An Alternative History of Mothering
On this Mother’s Day, historian Emma Griffin turns to history to debunk what she calls the Motherhood Myth - the idea that maternal love is as natural as sunshine.
Another year, another Mother's Day, and the usual celebration of the special love mothers have for their children. The overall message is that maternal love is powerful and instinctive, rooted in our biology, rather than our culture.
Historian Emma Griffin turns to history to debunk what she calls the Motherhood Myth. She explores how, despite constant efforts since the 18th century to insist that maternal love is as natural as sunshine, the reality is much more complex. Ideas about motherhood have changed over the past five hundred years, and so too have the actual emotions themselves.
Emma meets Jane Whittle, an Early Modernist from Exeter University, who studies a time in our culture when motherhood was not sentimentalised - both parents were expected to care for children in an extended family household and many were sent out to wet nurses until they were two or three years old. At this time, Britons had little sense of motherhood involving a particularly intense form of love and devotion.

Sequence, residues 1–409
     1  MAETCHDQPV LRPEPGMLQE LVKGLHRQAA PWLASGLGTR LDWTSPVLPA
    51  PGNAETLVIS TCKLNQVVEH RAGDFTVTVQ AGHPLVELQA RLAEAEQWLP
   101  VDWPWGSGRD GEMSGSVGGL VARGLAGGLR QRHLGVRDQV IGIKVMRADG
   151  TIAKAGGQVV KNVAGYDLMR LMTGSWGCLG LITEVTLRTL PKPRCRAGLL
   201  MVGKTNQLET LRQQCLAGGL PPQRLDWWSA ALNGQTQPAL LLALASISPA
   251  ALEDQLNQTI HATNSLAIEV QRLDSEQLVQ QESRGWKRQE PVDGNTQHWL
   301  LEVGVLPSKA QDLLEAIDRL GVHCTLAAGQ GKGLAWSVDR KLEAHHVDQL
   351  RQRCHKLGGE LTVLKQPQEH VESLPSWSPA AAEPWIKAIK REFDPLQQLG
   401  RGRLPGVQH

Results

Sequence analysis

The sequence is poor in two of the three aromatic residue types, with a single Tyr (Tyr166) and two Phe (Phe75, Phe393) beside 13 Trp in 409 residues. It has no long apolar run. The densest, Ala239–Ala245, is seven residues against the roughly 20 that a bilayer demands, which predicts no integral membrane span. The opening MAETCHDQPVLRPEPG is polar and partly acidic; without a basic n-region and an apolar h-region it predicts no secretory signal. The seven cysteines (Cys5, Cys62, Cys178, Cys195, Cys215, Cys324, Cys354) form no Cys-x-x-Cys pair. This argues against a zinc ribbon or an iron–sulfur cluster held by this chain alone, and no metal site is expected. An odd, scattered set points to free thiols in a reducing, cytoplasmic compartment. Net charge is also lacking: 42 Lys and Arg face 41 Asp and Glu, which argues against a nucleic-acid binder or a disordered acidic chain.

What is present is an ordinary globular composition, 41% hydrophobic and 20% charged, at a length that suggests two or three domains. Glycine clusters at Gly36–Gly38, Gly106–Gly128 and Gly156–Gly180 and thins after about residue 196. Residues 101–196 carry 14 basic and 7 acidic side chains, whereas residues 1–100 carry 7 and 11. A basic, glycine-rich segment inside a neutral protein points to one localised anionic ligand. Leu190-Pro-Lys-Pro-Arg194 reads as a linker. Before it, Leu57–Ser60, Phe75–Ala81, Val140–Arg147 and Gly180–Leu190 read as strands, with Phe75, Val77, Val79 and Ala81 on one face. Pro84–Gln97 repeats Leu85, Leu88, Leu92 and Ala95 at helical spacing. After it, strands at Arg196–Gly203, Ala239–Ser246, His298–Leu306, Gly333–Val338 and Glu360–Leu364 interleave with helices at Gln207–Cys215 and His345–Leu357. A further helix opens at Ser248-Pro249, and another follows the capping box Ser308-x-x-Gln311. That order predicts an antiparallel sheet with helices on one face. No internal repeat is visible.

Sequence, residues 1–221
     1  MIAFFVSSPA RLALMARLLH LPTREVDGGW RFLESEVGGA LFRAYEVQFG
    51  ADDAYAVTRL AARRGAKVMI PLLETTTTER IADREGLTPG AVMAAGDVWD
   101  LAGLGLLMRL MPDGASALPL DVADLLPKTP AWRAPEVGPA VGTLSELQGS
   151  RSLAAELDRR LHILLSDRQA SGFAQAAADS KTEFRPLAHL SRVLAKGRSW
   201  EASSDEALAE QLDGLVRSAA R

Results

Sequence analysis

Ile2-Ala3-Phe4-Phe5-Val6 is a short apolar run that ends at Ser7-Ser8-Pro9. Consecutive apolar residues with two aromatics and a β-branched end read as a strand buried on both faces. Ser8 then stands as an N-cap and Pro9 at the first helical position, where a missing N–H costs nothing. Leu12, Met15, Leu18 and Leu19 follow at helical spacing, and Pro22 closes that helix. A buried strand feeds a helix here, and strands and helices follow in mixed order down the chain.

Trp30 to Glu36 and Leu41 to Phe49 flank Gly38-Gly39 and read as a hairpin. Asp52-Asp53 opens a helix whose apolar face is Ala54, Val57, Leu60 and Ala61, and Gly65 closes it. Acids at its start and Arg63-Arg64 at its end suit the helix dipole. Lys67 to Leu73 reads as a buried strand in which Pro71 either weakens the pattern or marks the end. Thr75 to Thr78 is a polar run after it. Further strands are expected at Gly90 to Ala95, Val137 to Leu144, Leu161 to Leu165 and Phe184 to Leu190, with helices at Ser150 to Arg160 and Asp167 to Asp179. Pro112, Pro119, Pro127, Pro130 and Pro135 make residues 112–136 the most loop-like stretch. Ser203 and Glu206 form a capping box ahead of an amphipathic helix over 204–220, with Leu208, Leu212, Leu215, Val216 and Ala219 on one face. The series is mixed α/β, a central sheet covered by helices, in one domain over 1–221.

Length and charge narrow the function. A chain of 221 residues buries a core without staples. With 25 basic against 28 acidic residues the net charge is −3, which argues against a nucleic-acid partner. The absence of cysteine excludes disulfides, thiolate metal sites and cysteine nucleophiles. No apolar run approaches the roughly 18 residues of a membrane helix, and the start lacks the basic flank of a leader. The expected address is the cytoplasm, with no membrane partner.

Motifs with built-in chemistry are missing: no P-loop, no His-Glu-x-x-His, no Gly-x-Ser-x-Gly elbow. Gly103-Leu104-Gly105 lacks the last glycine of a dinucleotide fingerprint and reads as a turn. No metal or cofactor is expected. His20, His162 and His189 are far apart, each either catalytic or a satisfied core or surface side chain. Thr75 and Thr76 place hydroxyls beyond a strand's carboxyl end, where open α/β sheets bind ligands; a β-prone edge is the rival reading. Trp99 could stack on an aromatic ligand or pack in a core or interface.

At Audley End House, in the beautifully appointed Victorian nursery, Emma explores the emergence of new ideas about mothering and raising children, with commentary from historians Joanne Begiato and Jennie Batchelor.
She then visits the Southwell Workhouse in Nottinghamshire with Kate Gibson to explore how, while middle-class mothers were being increasingly idealised, mothers at the other end of the social scale were being separated from their children and judged to be ‘bad’ through their inability to provide appropriate care for them.
Rising living standards in the 20th century vastly improved child welfare and allowed society to create a narrative in which ‘bad’ mothers were an aberration - exceptions to the rule of selfless and devoted mothering. Emma speaks to leading child psychologist Laverne Antrobus at the Tavistock Centre in London to understand how attachment theory informs the way we approach the psychology of maternal relationships today, and how we might re-think our traditional view that mothers should be the principal providers of children’s emotional welfare.
Singing by Vivien Ellis
Readings by Will Huggins
Produced by Melissa FItzGerald
A Blakeway production for BBC Radio 4